U.S. Department of Agriculture: Animal and Plant Health Inspection Service


Date of this Version



Fernandez-Juricic, E.; P.E. Baumhardt, L.P. Tyrrell, A. Elmore, S.T. DeLiberto, and S.J. Werner. 2019. Vision in an abundant North American bird: The red-winged blackbird. The Auk 136(3):ukz039. doi: 10.1093/auk/ukz039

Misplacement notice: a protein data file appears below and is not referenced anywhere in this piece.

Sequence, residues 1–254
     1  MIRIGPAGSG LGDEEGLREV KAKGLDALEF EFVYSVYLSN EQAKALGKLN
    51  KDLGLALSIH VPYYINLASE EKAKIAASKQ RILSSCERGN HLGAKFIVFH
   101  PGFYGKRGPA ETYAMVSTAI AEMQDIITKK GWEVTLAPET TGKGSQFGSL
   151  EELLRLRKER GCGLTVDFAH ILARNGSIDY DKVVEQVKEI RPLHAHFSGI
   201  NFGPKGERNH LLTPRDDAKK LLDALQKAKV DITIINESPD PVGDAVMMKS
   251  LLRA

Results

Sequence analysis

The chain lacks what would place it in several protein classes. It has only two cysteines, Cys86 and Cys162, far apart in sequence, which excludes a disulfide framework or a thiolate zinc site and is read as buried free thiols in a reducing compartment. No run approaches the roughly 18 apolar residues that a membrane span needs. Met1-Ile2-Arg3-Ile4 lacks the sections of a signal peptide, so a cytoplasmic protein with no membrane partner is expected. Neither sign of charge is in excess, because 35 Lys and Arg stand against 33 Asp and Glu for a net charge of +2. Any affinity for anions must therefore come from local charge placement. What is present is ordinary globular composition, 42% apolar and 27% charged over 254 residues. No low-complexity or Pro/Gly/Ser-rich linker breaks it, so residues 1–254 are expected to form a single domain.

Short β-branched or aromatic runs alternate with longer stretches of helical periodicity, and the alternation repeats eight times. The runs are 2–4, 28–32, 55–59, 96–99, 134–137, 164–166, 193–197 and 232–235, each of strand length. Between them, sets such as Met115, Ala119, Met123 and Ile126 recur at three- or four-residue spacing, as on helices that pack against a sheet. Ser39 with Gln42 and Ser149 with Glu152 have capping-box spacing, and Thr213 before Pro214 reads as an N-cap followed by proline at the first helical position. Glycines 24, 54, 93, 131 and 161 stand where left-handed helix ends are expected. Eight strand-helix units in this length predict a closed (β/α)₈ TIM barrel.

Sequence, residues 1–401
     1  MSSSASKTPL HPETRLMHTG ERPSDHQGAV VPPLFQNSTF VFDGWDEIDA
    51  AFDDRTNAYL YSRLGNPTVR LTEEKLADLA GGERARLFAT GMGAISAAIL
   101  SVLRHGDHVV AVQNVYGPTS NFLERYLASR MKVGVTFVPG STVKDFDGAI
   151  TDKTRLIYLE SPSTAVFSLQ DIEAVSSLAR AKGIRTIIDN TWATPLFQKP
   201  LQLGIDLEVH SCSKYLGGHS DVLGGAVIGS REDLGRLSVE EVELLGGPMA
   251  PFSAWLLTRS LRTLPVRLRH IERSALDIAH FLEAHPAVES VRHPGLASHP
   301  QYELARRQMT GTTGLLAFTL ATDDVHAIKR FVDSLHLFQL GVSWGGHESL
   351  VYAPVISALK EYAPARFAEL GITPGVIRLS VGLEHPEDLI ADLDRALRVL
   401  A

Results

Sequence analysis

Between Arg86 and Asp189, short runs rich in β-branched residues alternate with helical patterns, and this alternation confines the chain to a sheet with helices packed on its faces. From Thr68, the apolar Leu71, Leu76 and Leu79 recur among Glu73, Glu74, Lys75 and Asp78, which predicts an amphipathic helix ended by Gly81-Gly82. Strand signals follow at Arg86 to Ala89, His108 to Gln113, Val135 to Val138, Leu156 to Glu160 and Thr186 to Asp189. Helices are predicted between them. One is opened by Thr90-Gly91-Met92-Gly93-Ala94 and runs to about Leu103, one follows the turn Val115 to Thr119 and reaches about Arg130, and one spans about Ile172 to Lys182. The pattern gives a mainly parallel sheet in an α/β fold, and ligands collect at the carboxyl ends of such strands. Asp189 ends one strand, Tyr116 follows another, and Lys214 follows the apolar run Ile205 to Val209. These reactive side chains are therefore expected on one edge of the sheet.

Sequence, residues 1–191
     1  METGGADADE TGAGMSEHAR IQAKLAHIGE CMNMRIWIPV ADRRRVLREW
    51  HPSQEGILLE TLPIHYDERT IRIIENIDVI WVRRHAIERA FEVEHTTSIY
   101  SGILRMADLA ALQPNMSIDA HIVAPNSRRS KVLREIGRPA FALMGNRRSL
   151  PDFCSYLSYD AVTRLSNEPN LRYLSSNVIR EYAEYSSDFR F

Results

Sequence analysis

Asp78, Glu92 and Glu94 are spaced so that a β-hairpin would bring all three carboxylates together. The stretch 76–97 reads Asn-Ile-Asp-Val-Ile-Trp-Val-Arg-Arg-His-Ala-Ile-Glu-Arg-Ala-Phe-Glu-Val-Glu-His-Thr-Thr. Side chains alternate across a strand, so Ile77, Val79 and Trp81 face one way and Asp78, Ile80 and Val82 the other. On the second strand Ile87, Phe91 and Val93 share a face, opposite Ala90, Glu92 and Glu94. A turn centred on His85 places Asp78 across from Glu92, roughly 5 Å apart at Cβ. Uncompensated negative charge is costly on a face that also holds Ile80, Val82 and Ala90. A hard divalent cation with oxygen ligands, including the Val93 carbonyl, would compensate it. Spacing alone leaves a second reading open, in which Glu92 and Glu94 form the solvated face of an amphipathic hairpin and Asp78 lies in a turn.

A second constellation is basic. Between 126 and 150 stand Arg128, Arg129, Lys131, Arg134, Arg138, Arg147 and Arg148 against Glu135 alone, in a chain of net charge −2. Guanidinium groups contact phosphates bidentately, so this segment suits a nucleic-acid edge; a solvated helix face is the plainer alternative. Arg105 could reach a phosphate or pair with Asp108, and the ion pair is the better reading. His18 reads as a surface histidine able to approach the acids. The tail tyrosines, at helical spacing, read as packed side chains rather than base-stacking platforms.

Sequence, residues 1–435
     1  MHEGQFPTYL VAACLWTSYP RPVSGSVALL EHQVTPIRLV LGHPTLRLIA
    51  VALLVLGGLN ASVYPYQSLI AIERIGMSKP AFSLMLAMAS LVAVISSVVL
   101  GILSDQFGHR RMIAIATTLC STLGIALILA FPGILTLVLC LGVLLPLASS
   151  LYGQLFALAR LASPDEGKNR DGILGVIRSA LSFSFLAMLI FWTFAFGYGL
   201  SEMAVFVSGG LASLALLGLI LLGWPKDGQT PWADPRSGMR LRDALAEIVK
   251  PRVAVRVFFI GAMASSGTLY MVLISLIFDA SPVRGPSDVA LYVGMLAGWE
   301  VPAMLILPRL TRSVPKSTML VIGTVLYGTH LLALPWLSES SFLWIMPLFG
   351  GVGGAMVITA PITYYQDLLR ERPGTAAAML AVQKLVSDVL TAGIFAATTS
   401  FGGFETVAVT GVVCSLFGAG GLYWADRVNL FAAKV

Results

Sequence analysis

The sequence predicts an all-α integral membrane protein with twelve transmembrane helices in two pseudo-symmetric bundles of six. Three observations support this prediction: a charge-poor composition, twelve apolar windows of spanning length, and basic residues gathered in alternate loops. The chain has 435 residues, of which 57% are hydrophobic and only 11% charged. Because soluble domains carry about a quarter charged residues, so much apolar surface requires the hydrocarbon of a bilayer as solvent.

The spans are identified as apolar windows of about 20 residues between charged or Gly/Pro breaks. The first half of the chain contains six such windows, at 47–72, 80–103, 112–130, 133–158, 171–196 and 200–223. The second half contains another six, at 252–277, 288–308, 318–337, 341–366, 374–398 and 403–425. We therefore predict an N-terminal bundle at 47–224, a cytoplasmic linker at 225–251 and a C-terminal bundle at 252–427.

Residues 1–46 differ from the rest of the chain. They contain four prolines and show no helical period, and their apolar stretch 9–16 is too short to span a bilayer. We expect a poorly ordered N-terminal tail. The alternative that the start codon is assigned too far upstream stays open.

Avian vision is fundamentally different from human vision; however, even within birds there are substantial between species differences in visual perception in terms of visual acuity, visual coverage, and color vision. However, there are not many species that have all these visual traits described, which can constrain our ability to study the evolution of visual systems in birds. To start addressing this gap, we characterized multiple traits of the visual system (visual coverage, visual acuity, centers of acute vision, and color vision) of the Red-winged Blackbird (Agelaius phoeniceus), one of the most abundant and studied birds in North America. We found that Red-winged Blackbirds have: wide visual coverage; one center of acute vision per eye (fovea) projecting fronto-laterally with high density of single and double cones, making it the center of both chromatic and achromatic vision; a wide binocular field that does not have the input of the centers of acute vision; and an ultraviolet sensitive visual system. With this information, we parameterized a Red-winged Blackbird-specific perceptual model considering different plumage patches. We found that the male red epaulet was chromatically conspicuous but with minimal achromatic signal, but the male yellow patch had a lower chromatic but a higher achromatic signal, which may be explained by the pigment composition of the feathers. However, the female epaulet was not visually conspicuous in both the chromatic and achromatic dimensions compared with other female feather patches. We discuss the implications of this visual system configuration relative to the foraging, antipredator, mate choice, and social behaviors of Red-winged Blackbirds. Our findings can be used for comparative studies as well as for making more species-specific predictions about different visual behaviors for future empirical testing.